Peter Brötzmann | September 2014
Interview with German improviser Peter Brötzmann. Shot before a gig at Kongsberg Jazz Festival.
15.09 / 2014
He studied painting in Wuppertal and was involved with the Fluxus movement, but grew dissatisfied with art galleries and exhibitions. He experienced his first real jazz concert when he saw American jazz musician Sidney Bechet while still in school at Wuppertal, and it made a lasting impression.
He has not abandoned his art training, however: Brötzmann has designed most of his own album covers. He first taught himself to play various clarinets, then saxophones; he is also known for playing the tárogató. Among his first musical partnerships was that with double bassist Peter Kowald.
For Adolphe Sax, Brötzmann's first recording, was released in 1967 and featured Kowald and drummer Sven-Åke Johansson.
1968, the year of political turmoil in Europe, saw the release of Machine Gun, an octet recording often listed among the most notable free jazz albums. Originally the LP was self-produced (under his own "BRO" record label imprint) and sold at gigs, but it was later marketed by Free Music Production (FMP), In 2007, Chicago-based Atavistic Records reissued the Machine Gun recording.
The album Nipples was recorded in 1969 with many of the Machine Gun musicians including drummer Han Bennink, pianist Fred Van Hove and tenor saxophonist Evan Parker, plus British free-improv guitarist Derek Bailey. The second set of takes from these sessions, appropriately called More Nipples, is more raucous. Fuck De Boere (Dedicated to Johnny Dyani) is a live album of free sessions from these early years, containing two long improvisations, a 1968 recording of "Machine Gun" live (earlier than the studio version) and a longer jam from 1970.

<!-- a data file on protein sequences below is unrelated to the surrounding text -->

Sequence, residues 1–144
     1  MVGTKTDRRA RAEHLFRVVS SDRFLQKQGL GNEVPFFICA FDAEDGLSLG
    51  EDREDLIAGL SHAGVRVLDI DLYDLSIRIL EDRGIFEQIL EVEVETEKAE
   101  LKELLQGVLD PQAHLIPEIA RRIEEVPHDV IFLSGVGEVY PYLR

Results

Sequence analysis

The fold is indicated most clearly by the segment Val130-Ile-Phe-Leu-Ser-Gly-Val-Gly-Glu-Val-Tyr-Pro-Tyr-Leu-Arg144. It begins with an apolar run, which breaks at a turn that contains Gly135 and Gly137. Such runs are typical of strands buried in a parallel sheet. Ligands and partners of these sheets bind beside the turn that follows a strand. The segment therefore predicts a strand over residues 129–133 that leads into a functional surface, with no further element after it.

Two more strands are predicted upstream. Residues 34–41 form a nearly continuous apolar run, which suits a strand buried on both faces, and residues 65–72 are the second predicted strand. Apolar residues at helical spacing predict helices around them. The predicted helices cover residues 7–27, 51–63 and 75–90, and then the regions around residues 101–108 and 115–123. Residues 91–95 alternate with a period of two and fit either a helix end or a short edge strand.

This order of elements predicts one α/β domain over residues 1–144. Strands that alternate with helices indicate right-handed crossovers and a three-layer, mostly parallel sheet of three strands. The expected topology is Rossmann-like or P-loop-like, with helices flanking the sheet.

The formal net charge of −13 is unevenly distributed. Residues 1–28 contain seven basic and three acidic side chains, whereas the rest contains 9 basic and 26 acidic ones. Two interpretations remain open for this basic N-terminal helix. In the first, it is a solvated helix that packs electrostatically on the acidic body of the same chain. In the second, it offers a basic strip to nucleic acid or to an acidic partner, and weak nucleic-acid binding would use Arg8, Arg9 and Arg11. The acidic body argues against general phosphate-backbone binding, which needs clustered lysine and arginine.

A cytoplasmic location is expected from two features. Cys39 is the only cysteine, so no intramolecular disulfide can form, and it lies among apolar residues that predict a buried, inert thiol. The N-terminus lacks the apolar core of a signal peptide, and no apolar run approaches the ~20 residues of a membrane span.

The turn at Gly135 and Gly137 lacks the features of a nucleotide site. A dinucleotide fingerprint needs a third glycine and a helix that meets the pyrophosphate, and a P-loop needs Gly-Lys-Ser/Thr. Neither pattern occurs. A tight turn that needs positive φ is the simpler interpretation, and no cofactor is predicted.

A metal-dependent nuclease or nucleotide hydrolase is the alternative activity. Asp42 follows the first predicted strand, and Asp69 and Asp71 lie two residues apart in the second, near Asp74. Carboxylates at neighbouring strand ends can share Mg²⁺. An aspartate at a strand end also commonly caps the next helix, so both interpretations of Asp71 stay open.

The logistical difficulties of touring with an octet resulted in Brötzmann eventually slimming the group to a trio with Han Bennink and Fred Van Hove. Bennink was also partner in Schwarzwaldfahrt an album of duets recorded outside in the Black Forest in 1977 with Brötzmann's sax and Bennink drumming on trees and other objects found in the woods.
Larger groups were put together again later, for example in 1981 Brötzmann made a radio broadcast with Frank Wright and Willem Breuker (saxes), Toshinori Kondo (trumpet), Hannes Bauer and Alan Tomlinson (trombones), Alexander von Schlippenbach (piano), Louis Moholo (drums), Harry Miller (bass). This was released as the album Alarm.
In the 1980s, Brötzmann flirted with heavy metal and noise rock, including a stint in Last Exit and subsequent recordings with Last Exit's bass guitarist and producer Bill Laswell.
Brötzmann has remained active, touring and recording regularly. He has released over fifty albums as a bandleader, and has appeared on dozens more. His "Die Like A Dog Quartet" (with Toshinori Kondo, William Parker and drummer Hamid Drake) is loosely inspired by saxophonist Albert Ayler, a prime influence on Brötzmann's music. Since 1997 he has toured and recorded regularly with the Peter Brötzmann Chicago Tentet (initially an Octet) which he disbanded after an ensemble performance November 11, 2012 in Strasbourg, France.
Brötzmann has also recorded or performed with musicians including Cecil Taylor, Keiji Haino, Willem van Manen, Mats Gustafsson, Ken Vandermark, Conny Bauer, Joe McPhee and Brötzmann's son, Caspar Brötzmann, a notable guitarist in his own right.